“The Bo­tox story is an amaz­ing story and what’s re­ally un­usual is that the best may still be to come,” says Py­ott, a Glas­gow­born lawyer who has been chief ex­ec­u­tive since 1998.

“Right now our rev­enues are split 50:50 be­tween cos­met­ics and ther­a­peu­tics. But five years from now, 70% of our sales may come from ther­a­peu­tics, and that’s not be­cause the use of Bo­tox will de­cline.”

Py­ott lists some of the other Bo­tox ap­pli­ca­tions in the pipe­line. “It al­ways starts in a se­vere pop­u­la­tion,” he says re­fer­ring to two fu­ture ther­a­peu­tic ap­pli­ca­tions: con­trol­ling weak blad­ders in mul­ti­ple scle­ro­sis suf­fer­ers and crash vic­tims with spinal cord in­juries. This is cur­rently in clin­i­cal tri­als.

Many of the dis­cov­er­ies of the use of Bo­tox are by ac­ci­dent. It was dis­cov­ered that it could erase wrin­kles in 1987 af­ter an eye spe­cial­ist in­ject­ing pa­tients to cor­rect crossed eyes re­ported that a pa­tient’s frown had dis­ap­peared.

An­other cos­metic ap­pli­ca­tion, which was ap­proved in 2008 by the US Food and Drug Ad­min­is­tra­tion, was born from an eye-drop prod­uct that Al­ler­gan makes. Pa­tients re­ported that one side-ef­fect was longer and fuller eye­lashes. Back in the lab­o­ra­tory, Al­ler­gan came up with Latisse, which has now been ap­proved in the US and is un­der­go­ing clin­i­cal tri­als in Europe.

For Ire­land, which is in the throes of one of the worst re­ces­sions in the eu­ro­zone, the Bo­tox story is im­por­tant.

One of the rea­sons that Al­ler­gan set up shop in West­port 33 years ago was re­lo­ca­tion aid and low cor­po­ra­tion tax, which now stands at just 12.5%. Re­cently the Euro­pean Union’s Euro­pean com­mis­sioner for eco­nomic and fi­nan­cial af­fairs, Olli Rehn, sug­gested that this might have to be in­creased if Ire­land was to re­duce its gar­gan­tuan bud­get deficit.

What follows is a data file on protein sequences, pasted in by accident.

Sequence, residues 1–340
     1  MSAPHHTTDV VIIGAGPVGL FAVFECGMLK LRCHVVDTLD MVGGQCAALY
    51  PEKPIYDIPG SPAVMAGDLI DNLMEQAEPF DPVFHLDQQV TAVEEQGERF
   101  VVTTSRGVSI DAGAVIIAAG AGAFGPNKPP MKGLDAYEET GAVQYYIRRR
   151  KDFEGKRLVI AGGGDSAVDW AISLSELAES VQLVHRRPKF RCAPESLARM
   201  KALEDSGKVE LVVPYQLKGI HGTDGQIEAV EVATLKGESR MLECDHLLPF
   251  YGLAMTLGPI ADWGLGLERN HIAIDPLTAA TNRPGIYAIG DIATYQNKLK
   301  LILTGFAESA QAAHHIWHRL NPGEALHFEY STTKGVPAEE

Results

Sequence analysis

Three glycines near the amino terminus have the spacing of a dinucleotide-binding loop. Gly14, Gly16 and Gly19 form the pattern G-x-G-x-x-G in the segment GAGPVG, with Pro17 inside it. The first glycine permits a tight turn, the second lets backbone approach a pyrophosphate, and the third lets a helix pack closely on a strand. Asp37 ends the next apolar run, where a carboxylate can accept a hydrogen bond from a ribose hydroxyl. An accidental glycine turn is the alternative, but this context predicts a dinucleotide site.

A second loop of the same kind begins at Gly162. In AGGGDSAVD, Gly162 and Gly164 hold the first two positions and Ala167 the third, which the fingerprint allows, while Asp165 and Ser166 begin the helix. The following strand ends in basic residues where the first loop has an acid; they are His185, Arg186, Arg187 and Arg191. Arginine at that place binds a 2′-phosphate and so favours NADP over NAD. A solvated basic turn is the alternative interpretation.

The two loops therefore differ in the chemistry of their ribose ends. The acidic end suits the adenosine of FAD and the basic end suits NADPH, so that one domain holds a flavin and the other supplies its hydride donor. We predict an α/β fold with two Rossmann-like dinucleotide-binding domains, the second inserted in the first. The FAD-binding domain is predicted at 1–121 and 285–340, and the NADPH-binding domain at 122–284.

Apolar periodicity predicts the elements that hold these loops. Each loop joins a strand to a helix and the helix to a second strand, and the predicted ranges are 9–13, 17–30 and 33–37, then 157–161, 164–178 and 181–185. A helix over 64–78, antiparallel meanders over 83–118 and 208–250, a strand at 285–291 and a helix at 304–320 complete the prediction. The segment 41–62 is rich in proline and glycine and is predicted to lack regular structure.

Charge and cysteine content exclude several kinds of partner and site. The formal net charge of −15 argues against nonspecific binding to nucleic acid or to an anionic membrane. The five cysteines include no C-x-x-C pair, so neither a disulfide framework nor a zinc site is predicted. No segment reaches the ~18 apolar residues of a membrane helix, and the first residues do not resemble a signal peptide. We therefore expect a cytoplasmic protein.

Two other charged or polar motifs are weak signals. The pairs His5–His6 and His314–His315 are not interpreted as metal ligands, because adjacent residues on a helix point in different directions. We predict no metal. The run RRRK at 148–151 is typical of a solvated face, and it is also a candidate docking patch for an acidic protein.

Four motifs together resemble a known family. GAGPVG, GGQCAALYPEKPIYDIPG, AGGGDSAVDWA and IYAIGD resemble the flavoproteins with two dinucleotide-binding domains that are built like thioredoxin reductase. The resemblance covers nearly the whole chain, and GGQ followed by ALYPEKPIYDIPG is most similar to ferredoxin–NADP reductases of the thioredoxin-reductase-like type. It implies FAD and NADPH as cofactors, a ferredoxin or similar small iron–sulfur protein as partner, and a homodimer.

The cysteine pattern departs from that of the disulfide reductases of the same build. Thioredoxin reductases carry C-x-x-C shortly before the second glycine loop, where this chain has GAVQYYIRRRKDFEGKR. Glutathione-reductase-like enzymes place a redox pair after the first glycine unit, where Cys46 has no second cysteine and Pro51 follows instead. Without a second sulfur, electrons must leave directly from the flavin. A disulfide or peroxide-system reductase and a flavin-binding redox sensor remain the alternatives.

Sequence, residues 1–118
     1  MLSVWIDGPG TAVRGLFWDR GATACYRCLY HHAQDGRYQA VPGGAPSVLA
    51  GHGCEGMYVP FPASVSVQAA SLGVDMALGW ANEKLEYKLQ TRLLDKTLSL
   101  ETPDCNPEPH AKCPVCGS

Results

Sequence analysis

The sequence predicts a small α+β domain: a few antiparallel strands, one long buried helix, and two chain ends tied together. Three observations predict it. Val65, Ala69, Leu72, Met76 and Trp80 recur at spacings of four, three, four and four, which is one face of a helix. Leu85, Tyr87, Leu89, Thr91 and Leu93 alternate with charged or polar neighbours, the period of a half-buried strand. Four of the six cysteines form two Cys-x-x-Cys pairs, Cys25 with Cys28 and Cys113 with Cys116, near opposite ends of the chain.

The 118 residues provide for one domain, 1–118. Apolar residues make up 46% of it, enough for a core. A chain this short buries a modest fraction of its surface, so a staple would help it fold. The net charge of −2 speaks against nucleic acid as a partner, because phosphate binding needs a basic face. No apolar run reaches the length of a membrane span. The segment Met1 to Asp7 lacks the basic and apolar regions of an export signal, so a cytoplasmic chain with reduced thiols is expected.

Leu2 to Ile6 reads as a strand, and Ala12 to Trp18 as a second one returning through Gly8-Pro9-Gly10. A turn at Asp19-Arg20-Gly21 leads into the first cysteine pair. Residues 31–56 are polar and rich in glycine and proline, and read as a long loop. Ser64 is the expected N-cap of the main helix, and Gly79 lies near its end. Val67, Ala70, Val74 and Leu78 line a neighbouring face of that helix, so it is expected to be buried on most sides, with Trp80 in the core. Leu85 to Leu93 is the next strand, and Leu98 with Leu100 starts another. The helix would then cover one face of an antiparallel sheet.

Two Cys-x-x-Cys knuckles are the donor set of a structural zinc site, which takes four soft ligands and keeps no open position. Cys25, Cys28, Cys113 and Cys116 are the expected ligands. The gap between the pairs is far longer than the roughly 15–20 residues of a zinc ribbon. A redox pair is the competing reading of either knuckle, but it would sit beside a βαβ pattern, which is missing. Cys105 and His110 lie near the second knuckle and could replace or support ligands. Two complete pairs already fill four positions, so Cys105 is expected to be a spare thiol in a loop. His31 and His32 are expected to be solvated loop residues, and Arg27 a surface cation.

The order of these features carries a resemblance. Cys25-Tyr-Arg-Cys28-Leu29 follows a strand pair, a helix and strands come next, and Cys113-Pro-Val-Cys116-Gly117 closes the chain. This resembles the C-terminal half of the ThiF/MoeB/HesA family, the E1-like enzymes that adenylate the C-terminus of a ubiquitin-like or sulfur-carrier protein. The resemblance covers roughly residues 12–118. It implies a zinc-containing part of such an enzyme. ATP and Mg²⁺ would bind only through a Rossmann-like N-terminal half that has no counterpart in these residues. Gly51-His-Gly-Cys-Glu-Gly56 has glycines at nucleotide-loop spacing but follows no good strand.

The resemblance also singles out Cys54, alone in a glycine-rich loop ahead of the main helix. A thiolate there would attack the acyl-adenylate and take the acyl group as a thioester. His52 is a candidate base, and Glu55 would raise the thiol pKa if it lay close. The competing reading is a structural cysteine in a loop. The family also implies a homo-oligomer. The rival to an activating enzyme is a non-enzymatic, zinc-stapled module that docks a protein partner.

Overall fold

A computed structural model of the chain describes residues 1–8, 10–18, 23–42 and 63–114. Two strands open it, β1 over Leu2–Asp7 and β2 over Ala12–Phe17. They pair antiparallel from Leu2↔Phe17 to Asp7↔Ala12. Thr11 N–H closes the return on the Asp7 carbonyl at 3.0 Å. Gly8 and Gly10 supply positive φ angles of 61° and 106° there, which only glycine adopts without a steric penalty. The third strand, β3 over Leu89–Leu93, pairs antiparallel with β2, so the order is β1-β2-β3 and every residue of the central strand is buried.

But Py­ott is un­per­turbed by the threat of ris­ing taxes: “We have long as­sumed the rate would go up a cou­ple of points,” he says. Hav­ing stud­ied Euro­pean Union law, he says that Brus­sels can huff and puff but “at the end of the day, it’s a mat­ter of na­tional sovereignty.”

He is also op­ti­mistic about the over­all re­cov­ery of Euro­pean mar­kets in com­par­i­son with those in the United States. “Here and there, there are patches of gloom but in our com­pany we re­ally see no big is­sues at all,” he says.

“We look at all the statis­tics very care­fully and in fact, look­ing at the re­cov­ery of our mar­kets, par­tic­u­larly those that are cash paid, there is no sign of the in­fa­mous ‘dou­ble dip’. In fact, I would say most Euro­pean mar­kets are re­cov­er­ing and grow­ing more quickly than those in the United States.” – Guardian News & Me­dia 2010

Serendip­ity: It was dis­cov­ered in 1987 that Bo­tox could erase wrin­kles af­ter an eye spe­cial­ist in­ject­ing pa­tients to cor­rect crossed eyes re­ported that a pa­tient’s frown had dis­ap­peared.